Sydney: 13 June 2023 – The Advisers Association (TAA) welcomes the Government’s formal response to the Quality of Advice Review (QAR) announced today.

TAA is broadly supportive of the fact that the Government has indicated it will accept 14 of the QAR recommendations and is encouraged that concerns TAA raised in its various submissions appear to have been heard.

TAA CEO, Neil Macdonald said, ‘We are pleased that the Government is looking to remove regulatory red tape, and particularly welcome that Statements of Advice may be replaced with an advice record that is more fit-for-purpose.’

Mr Macdonald said TAA expects replacing SoAs with advice records would lighten the load on financial advisers and make accessing professional advice more affordable for consumers. ‘SoAs are overly bureaucratic, not fit for purpose and offer little tangible benefit to consumers, who often do not even fully read them.’

Mr Macdonald said TAA is also keen for some of the recommendations to be legislated quickly. ‘We encourage the Government to look for a legislative slot to enact the recommendations as soon as possible,’ he said.

If legislation cannot be enacted quickly, TAA would like to see Government consider a facilitative, ‘no action’ approach until it is enacted.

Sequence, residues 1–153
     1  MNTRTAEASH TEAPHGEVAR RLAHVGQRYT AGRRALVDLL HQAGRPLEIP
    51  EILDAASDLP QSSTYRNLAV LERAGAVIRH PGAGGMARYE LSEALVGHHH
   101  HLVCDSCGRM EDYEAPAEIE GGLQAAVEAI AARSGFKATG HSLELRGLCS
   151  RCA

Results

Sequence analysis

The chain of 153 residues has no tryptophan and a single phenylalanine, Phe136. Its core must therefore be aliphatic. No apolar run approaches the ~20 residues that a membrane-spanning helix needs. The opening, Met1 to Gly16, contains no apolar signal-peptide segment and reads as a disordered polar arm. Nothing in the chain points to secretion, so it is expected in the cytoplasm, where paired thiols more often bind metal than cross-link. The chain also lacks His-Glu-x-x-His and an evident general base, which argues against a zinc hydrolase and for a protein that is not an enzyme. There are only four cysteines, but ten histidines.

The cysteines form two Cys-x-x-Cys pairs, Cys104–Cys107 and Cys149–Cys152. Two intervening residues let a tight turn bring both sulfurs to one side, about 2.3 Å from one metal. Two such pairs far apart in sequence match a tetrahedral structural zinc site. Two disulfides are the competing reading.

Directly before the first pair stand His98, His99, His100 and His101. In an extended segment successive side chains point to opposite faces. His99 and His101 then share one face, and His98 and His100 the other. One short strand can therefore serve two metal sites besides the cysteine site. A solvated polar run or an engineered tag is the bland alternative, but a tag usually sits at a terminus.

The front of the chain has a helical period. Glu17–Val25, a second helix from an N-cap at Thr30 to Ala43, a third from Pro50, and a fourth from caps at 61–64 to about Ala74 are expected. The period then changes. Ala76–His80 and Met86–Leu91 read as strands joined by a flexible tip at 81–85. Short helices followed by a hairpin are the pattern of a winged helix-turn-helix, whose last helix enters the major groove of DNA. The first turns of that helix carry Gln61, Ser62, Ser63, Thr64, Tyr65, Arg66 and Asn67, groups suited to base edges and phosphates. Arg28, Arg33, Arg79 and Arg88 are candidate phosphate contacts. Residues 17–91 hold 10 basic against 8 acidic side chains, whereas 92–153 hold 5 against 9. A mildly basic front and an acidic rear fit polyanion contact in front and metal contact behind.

‘We think some of the recommendations, particularly around addressing regulatory red tape, could be addressed quickly, if the Government was prepared to adopt a facilitative ‘No action’ approach for 12 months,’ Mr Macdonald said. ‘For example, substituting advice records for SOAs as soon as possible could reduce the administrative burden on financial advisers very quickly, giving them more time to see more people.’

TAA is also broadly supportive of the fact that the Government has indicated it is looking to expand access to retirement income advice and exploring new channels to advice.

‘We have always said that Australians need greater access to advice, therefore we were generally supportive of introducing a ‘good advice’ duty under which non-relevant providers could offer personal advice,’ he said. ‘However, as we have also said, guardrails do need to be in place.’

The guardrails should be around who should be permitted to deliver personal financial advice, the extent of the advice they give, and the minimum education and qualifications they hold.

‘The Government has indicated that it is seeking to consult with the industry and consumer stakeholders on how non-relevant providers should be able to give advice. We welcome their prompt commitment to that further consultation,’ Mr Macdonald said. ‘We believe there should be a level playing field in relation to the provision of personal financial advice, with similar rights and obligations for all providers.’